European Union lawmakers say they will keep a close eye on any EU deal to send thousands of migrants in Greece back to Turkey to ensure that people fleeing conflict are not denied asylum.
The head of the EU parliament’s Civil Liberties Committee said in a statement Tuesday that members will meet with Greek and EU officials “to ensure that basic conditions for asylum claims are met.”
Chairman Claude Moraes says “it is important that the EU does not ignore its values in the face of people fleeing war and persecution by simply creating push-backs.”
Under the in-principle deal hammered out overnight, the EU would accept one Syrian refugee in need of asylum for every one irregular migrant that Turkey takes back from Greece.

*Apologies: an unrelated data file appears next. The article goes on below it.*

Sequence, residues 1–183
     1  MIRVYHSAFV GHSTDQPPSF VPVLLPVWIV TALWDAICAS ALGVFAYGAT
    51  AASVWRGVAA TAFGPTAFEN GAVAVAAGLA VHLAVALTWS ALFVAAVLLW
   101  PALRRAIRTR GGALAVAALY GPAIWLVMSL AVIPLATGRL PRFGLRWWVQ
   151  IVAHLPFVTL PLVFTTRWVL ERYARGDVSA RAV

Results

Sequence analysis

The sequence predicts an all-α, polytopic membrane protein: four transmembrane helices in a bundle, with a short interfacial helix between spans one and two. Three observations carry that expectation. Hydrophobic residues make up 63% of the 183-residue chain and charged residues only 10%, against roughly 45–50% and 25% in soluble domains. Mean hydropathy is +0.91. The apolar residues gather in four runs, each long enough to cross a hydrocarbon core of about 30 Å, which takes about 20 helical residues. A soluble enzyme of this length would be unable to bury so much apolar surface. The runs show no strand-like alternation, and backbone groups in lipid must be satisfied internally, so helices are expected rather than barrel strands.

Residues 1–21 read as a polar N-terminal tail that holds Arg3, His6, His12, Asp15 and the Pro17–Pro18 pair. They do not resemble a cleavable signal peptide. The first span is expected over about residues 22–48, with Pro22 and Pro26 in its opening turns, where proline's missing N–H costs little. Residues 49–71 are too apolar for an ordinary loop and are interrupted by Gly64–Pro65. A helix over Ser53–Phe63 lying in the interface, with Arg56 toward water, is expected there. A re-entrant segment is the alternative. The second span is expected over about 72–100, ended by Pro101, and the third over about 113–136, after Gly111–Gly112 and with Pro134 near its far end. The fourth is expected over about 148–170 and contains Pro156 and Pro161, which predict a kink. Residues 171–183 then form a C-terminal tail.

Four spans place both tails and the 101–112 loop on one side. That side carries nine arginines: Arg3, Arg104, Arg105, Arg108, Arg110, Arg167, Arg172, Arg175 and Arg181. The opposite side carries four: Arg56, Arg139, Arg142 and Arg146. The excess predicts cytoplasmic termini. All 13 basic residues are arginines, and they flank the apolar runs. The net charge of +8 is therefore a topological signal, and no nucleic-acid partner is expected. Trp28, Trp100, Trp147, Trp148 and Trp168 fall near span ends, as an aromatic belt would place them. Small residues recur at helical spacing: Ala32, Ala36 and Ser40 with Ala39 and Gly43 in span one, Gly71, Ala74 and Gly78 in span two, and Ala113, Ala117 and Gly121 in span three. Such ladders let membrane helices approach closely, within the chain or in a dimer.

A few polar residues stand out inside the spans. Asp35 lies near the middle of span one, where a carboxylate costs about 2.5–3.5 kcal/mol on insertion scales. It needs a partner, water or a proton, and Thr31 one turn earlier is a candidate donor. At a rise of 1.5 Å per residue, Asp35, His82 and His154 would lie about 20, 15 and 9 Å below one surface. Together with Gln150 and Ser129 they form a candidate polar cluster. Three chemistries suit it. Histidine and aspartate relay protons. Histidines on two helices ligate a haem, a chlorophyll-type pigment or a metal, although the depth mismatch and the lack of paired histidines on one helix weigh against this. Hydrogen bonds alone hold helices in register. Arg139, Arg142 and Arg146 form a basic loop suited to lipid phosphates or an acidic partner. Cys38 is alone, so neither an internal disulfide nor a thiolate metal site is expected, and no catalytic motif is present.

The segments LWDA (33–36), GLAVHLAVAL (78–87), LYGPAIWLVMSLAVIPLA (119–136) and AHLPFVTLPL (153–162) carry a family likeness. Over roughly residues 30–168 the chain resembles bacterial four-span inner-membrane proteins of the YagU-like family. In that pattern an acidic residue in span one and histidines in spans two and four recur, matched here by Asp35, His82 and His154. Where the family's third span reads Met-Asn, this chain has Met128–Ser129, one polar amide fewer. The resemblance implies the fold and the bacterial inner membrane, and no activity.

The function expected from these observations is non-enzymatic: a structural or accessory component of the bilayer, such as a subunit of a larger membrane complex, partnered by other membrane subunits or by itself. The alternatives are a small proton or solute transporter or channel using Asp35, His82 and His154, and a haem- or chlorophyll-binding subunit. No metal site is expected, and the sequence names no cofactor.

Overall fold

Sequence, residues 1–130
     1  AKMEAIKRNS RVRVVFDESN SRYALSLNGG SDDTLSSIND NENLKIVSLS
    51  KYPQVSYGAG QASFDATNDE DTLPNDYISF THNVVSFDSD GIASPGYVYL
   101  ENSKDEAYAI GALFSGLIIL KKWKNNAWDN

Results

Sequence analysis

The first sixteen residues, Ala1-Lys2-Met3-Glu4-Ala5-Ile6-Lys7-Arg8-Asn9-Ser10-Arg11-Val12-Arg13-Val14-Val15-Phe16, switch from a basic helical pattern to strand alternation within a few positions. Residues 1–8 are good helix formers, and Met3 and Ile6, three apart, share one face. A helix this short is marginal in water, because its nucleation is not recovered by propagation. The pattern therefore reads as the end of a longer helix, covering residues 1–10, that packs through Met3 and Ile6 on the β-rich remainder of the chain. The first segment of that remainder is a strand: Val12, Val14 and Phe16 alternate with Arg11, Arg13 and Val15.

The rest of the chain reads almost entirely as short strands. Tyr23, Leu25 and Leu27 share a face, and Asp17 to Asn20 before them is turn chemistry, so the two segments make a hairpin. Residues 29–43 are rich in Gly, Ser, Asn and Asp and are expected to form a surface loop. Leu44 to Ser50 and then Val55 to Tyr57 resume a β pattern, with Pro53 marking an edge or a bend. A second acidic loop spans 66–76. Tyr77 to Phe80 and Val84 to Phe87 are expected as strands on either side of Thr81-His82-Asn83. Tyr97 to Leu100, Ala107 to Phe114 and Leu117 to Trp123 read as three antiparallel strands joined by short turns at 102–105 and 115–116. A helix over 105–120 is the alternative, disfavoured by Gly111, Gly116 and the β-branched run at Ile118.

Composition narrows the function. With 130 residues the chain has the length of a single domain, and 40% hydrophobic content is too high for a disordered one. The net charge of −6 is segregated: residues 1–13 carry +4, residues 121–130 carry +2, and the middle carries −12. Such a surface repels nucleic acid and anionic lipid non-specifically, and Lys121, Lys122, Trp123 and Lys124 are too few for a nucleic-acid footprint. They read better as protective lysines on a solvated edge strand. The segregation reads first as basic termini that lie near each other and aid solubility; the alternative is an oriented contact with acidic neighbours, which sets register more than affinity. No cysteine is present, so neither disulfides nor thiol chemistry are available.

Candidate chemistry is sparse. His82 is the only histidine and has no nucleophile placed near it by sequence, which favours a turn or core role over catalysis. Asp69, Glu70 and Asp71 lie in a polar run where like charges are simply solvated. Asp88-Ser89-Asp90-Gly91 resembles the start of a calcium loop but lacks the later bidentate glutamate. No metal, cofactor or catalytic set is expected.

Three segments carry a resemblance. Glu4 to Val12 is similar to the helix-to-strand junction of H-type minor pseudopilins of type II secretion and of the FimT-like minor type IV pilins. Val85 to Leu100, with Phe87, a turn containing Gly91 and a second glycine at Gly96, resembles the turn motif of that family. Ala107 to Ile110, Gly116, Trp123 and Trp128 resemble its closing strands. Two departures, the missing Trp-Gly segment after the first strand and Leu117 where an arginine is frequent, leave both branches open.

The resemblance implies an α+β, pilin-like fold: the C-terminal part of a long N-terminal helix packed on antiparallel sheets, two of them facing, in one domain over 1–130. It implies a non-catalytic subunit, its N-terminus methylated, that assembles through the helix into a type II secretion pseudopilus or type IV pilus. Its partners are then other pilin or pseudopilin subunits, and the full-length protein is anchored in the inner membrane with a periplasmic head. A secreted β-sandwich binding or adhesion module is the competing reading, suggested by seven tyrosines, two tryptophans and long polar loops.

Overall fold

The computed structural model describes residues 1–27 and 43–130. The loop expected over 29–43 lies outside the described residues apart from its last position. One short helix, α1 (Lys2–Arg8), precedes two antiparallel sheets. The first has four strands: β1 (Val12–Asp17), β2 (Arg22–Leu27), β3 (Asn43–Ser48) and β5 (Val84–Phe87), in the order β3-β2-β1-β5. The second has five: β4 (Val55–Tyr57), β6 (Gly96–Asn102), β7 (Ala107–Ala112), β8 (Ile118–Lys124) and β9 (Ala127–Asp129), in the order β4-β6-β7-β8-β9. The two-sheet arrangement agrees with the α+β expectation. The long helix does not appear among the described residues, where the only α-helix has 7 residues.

Amnesty International, meanwhile, is warning that the scheme is legally flawed.
The human rights group said in a statement Tuesday that EU plans to designate Turkey as a safe country for migrants are “alarmingly short-sighted and inhumane” because Ankara does not properly care for them.
The head of the group's European office, Iverna McGowan, said that “Turkey has forcibly returned refugees to Syria and many refugees in the country live in desperate conditions without adequate housing.”
She said that “by no stretch of imagination can Turkey be considered a ‘safe third country’ that the EU can cozily outsource its obligations to.”